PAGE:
Here's a shot taken when we stopped the car at the top of the divide between the Aire and the Wharfe valleys to look around - this Moorland Jock, as these sheep are affectionately known locally, was obviously very used to people stopping and she stood very still for the paparazzi!!!
Visits to Yorkshire inevitably end up as a sort of pilgrimage for me revisiting old favourites and I must say Nigel is incredibly indulgent with me.
This time we'd heard that Strid Wood near Bolton Abbey had incorporated a Sculpture Trail through the woods and I really wanted to go for a 'look-see' as I previously lived in a cottage in these woods with my former partner George who worked as a Pest Controller on the Duke of Devonshire's estate
Here is that cottage not much changed from when I lived there 20 years ago - hard to believe all that time has gone by - the garden is a little different though.
The rain had certainly put the river into spate and the water was very brown with the peat from the moors - it bore a striking resemblence to beer churning on down the valley
Here you can see The Strid where the river is forced through a narrow gap in the rocks which it is possible to jump across if you were that foolish because over the years many have been drowned in the attempt. The water is usually much lower and, if you're unlucky enough to fall in, the current drags you under the overhanging rocks where it's impossible to get enought strength to battle against the current back up to the surface again.
When George and I lived in the cottage we did have one incident where a party of Japanese students had been visiting The Strid whilst the river was in spate and as high as this. Unfortunately one of the girls slipped and fell in but luckily the high water kept her buoyant above the rock overhangs and her friends managed to drag her out to safety a few yards further down stream. Her party brought her dripping to our front door as we were the first house on the way back to the car park begging dry clothes and somewhere to change. I don't think she'll ever realise just how lucky she was not to perish.
The only other time I knew of anyone surviving a dip at this point was a story told by the old lady who was the previous occupant of our cottage. Apparently one summer's evening after a prolongued wet spell she had a knock on her door to find a man very distraught as his wife had fallen into The Strid and disappeared. The police were duly called and had just started to take details from him to start a search when there was another knock on the door. There on the doorstep was the lady in question who, it transpired, had been pushed in by the husband - bet he was shocked to say the least! Strangely she refused to press any charges against him - I'm not sure, if I were in his shoes, I'd have slept easy in my bed each night after that!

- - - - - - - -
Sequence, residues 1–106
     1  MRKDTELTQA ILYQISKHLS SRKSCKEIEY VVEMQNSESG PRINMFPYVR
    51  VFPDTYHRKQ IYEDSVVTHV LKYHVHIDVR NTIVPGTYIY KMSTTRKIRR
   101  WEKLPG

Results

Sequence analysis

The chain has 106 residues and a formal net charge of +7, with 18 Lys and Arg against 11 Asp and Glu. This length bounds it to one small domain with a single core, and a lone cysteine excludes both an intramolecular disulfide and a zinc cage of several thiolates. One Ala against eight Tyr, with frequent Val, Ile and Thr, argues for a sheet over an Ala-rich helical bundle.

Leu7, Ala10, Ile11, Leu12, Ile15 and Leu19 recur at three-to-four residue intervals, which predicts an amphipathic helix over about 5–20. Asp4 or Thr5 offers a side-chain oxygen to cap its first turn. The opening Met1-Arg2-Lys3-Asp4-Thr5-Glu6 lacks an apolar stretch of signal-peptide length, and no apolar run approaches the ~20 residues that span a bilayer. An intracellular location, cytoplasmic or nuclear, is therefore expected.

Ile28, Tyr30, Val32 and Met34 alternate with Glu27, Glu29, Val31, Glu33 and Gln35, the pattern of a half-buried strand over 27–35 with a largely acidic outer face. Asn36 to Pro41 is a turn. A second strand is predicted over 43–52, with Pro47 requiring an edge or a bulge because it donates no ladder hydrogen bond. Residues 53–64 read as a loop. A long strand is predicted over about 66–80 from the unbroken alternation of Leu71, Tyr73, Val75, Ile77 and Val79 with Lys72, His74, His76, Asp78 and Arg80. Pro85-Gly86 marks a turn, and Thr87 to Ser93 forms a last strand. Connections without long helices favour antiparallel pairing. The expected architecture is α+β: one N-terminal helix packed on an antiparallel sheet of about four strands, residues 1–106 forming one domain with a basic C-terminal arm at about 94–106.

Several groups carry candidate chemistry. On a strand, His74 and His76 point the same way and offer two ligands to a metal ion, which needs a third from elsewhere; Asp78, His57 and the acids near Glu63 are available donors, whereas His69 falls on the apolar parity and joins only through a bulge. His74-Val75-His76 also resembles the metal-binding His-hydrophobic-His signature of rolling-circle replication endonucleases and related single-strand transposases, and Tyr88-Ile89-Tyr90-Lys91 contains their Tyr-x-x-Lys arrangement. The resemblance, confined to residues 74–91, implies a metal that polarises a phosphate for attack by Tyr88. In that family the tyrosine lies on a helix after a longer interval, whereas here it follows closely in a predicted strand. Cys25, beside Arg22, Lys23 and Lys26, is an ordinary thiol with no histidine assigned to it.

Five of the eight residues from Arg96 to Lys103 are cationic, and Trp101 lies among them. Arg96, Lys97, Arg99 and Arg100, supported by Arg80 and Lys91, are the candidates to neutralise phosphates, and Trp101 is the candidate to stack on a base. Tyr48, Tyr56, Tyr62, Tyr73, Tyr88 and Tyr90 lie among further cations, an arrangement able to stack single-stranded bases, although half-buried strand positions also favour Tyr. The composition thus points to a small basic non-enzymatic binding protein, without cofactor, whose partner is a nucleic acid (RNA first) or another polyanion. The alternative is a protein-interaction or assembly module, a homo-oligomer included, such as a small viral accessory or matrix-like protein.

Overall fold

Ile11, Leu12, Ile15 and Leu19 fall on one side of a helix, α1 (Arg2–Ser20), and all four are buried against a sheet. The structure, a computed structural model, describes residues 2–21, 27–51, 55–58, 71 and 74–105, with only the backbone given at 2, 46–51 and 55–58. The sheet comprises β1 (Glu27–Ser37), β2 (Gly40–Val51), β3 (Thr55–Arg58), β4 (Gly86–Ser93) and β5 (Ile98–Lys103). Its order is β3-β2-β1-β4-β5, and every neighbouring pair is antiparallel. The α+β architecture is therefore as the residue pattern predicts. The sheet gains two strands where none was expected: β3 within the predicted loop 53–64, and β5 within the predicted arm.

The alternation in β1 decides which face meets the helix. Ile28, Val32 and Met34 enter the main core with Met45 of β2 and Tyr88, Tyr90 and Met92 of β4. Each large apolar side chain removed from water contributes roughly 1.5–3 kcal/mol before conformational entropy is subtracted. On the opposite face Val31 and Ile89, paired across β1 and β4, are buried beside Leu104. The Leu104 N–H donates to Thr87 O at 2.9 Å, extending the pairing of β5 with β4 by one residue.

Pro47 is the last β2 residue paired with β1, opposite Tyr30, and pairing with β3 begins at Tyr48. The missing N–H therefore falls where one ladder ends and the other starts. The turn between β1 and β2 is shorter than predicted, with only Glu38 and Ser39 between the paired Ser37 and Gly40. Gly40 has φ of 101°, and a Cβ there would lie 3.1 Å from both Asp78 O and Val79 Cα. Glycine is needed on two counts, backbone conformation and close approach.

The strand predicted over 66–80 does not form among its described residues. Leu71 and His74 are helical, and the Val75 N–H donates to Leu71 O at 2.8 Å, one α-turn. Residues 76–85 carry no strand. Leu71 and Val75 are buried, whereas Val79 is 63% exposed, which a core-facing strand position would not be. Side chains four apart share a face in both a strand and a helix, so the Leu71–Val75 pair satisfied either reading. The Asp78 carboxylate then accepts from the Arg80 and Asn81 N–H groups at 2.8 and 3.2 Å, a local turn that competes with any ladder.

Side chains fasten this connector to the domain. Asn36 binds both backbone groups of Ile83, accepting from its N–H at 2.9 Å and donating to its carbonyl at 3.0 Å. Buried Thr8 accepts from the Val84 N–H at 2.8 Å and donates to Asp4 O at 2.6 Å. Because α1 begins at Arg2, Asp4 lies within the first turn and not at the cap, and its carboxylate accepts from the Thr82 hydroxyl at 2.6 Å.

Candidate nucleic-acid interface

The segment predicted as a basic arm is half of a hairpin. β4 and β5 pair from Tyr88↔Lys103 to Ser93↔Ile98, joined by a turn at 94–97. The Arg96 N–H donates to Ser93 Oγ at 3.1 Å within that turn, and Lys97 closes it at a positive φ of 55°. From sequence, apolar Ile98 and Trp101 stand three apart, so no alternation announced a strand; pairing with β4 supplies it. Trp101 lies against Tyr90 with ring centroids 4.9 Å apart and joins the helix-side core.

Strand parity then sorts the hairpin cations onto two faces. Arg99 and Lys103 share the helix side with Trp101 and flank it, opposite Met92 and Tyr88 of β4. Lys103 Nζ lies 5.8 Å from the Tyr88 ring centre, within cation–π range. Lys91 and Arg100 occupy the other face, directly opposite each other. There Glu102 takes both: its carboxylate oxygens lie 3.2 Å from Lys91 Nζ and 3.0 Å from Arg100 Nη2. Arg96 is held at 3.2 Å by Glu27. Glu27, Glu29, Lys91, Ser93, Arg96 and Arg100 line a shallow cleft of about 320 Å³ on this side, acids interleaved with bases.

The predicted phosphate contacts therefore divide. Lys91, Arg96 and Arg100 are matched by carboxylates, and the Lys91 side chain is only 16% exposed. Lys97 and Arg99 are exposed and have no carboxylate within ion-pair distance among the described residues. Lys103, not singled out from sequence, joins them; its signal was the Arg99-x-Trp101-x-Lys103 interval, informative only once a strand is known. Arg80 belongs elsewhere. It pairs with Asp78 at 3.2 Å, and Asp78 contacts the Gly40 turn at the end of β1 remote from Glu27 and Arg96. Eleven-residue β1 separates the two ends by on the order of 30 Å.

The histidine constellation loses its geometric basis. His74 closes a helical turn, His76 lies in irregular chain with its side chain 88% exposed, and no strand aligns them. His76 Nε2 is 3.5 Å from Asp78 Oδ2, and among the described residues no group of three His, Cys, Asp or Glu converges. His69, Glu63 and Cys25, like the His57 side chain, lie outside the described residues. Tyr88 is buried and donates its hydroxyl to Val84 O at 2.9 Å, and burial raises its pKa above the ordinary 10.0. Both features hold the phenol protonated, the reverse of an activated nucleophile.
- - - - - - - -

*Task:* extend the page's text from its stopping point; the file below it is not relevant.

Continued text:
But back to the walk - the weather continued to swap from wet to dry and back again for the entire 3.5 miles which we broke nicely in the middle at a cafe to enjoy some beautiful home made cream of tomato soup
And a picture of the aqueduct we crossed over to transfer to the other side of the river at the top end of the walk which went down one side of the river and back up the other - the Victorians made the most functional things an object of beauty.
Once back to the car and totally soaked we decided to head for a tea room in the outbuildings of a nearby farm for a cuppa and a cake - the farmer is a big model train fan, much to Nigel's delight and has christened the tearoom 'Buffers' because of the train layouts up on a mezzanine floor above the cafe tables - another fix for Nigel then.
After this we headed back to where we were staying but stopped on spec to call on an old schoolfriend of mine we haven't seen for about three years.
Bless them we certainly didn't pick a particularly good time to call as they were in the middle of packing boxes to put all their worldly goods into storage in preparation for the builders moving in mid July to add a whole upstairs to their bungalow. Nevertheless it was lovely to catch up with them and we persuaded them to come down and visit us here in Taunton with their 7 yr old daughter in the autumn.
And all too soon it was Monday morning and the great treck back down the country to our little corner of Somerset
A wonderful weekend but it would be nice to be able to beam ourselves up there 'Star Trek' style to avoid five plus hours each way on congested British motorways.